The preschool years provide the perfect opportunity for parents to try their hand at homeschooling. It may not be for everyone, but short-term preschool home education is definitely feasible and often highly beneficial.
Plenty of parents just assume their children will go off to preschool at a certain age. In many circles, doing so is just expected, but is this expectation unnecessary? Many parents say yes! “Because of differences in personality, some of my children have done better spending their preschool years at home than they would have outside the home,” says Tina Bushman, mother of five and co-author (with her husband John) of Table Talk. “I do think that all children need some preschool experience before entering elementary school, but I believe most parents are capable of providing that experience.”
Homeschooling can definitely be intimidating, but parents are equipped to embrace the challenge. After all, you know your child best. “Preschool sets the stage for the elementary years and is meant to get a child ready for more formal education,” says Bushman. “It's most important for them to learn to sit still and listen when they should. They should learn to get used to a short school-day routine and know what their part in that routine is. The child needs to learn to get along with the other children, learn to share, cooperate and take turns.” Whether you band together with other like-minded moms or go it alone, teaching your child to write his name, learn the alphabet, colors, shapes and numbers just may be the highlight of your parenting experience.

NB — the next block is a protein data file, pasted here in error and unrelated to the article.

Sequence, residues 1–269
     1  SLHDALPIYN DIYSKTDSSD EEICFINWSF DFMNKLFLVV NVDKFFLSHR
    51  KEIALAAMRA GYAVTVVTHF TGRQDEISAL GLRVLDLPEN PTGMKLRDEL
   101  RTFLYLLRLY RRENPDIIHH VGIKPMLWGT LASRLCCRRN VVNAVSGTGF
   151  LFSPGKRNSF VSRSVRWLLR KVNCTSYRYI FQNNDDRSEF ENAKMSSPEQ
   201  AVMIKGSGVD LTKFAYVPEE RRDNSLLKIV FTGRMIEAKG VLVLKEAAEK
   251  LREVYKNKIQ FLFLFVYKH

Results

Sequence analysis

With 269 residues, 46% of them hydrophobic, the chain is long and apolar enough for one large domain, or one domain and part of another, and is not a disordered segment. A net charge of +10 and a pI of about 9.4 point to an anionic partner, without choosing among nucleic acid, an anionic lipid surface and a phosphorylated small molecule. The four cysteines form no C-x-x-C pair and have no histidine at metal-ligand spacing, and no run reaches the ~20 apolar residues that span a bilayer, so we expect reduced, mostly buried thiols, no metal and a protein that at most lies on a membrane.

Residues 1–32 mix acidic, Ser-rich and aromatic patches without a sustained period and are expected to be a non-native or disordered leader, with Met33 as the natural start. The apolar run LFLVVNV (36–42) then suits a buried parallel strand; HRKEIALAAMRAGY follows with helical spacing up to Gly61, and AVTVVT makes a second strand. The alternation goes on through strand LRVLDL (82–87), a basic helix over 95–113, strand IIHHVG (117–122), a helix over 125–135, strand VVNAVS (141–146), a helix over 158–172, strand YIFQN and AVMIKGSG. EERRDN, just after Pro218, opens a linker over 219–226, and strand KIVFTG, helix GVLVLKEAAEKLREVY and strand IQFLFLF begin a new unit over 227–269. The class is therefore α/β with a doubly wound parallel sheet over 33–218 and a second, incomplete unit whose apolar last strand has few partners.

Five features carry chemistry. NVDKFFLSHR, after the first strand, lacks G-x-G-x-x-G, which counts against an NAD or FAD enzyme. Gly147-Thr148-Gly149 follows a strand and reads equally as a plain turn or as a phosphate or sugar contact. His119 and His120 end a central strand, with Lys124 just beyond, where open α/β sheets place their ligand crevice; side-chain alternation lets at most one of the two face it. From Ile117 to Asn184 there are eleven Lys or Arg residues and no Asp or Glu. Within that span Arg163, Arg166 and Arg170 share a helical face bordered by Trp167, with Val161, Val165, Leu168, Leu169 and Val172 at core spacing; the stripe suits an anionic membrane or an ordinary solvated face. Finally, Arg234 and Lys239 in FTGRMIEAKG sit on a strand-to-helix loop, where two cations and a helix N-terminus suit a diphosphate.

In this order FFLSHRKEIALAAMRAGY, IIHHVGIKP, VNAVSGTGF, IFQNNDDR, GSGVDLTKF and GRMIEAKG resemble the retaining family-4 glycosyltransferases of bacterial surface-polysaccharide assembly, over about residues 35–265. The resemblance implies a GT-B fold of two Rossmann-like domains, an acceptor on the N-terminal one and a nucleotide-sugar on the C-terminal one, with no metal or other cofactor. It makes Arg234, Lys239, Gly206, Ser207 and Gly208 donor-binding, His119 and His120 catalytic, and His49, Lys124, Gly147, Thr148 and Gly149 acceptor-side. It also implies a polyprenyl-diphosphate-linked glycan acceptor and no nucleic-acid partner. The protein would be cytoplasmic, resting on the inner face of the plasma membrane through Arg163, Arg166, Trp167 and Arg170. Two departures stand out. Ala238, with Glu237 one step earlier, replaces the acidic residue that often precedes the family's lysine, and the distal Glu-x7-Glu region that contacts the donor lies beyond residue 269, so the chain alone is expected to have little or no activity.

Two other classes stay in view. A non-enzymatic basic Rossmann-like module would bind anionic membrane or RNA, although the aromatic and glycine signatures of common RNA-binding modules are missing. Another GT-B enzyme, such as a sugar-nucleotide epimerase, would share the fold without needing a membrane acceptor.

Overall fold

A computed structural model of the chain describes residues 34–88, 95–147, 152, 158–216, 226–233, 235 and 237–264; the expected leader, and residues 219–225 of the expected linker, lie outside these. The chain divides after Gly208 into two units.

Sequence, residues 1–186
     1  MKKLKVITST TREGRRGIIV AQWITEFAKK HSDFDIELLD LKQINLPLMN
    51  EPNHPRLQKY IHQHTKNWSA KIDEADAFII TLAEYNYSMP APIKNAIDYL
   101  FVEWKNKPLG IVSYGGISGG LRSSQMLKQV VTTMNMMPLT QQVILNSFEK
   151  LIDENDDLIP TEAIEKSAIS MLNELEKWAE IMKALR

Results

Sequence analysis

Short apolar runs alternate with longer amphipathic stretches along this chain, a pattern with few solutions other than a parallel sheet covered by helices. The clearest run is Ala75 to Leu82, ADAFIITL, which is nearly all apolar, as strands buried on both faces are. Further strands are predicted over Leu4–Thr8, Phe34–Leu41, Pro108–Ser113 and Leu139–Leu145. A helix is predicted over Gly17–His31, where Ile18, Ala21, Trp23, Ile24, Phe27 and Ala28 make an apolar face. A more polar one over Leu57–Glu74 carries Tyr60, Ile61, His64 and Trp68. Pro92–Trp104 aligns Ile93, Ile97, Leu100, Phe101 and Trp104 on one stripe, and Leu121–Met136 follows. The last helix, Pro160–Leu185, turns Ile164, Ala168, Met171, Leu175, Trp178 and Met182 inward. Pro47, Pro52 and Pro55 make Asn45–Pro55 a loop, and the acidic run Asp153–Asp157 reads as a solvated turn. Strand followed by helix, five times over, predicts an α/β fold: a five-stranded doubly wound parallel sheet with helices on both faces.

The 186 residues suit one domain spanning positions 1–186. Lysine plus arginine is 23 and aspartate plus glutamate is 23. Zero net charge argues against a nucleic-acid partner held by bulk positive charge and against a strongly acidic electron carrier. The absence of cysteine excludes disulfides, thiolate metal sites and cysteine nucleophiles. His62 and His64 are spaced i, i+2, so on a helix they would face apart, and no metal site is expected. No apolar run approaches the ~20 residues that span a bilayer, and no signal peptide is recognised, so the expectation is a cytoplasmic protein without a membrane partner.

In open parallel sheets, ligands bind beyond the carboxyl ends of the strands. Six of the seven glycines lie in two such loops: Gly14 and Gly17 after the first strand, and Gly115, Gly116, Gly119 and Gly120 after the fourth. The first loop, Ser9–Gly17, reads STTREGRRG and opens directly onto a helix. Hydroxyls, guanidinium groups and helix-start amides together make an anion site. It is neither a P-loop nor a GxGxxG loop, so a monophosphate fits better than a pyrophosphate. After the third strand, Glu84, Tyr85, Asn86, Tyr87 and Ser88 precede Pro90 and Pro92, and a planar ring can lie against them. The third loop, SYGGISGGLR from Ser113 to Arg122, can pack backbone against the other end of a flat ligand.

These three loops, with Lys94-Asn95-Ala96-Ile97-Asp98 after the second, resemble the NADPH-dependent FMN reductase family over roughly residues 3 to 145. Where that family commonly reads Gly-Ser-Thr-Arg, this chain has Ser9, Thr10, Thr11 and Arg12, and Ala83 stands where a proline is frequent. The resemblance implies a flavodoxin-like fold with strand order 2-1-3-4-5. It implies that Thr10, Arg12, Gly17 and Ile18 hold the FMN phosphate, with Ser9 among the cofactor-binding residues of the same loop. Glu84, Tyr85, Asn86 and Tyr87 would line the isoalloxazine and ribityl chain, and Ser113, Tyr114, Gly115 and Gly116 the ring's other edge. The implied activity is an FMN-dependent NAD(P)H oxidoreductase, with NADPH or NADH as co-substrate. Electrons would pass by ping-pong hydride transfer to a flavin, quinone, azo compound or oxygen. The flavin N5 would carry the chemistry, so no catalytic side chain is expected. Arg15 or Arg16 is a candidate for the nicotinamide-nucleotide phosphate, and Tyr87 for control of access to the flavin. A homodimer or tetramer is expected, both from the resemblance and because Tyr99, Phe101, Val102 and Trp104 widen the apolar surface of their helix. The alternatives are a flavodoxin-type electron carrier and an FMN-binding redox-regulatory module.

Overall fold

Until you jump into homeschooling, you may not be aware of the immense amount of homeschooling resources available to parents. Truly, the options can be overwhelming. Parents with a clear understanding of what they hope to get out of preschool and the discipline to follow a schedule may not need an official curriculum at all, but those who need a bit of guidance can certainly find it... and then some. There are countless blogs dedicated to free preschool material as well as quite comprehensive online resources. Boxed curricula are also widely available and ideal for a neighborhood co-op.
Of course, there are two sides to every coin, and many people feel that a brick and mortar preschool is the only way to go. “There are two primary goals for preschool that can only be experienced outside of the home and in a group setting,” says Dr. Fran Walfish, Psy.D., a Beverly Hills-based child, couple and family psychotherapist. “The objectives are separation and socialization. Preschool facilitates gentle and healthy separation from mommy and daddy while teaching children reciprocity, delayed gratification, frustration tolerance, coping skills to deal with disappointments — you can't always be first — and social skills to initiate playing and friendships.”
It seems arguments for both decisions have valid points so it’s really a personal choice that must be carefully examined and thoughtfully considered.
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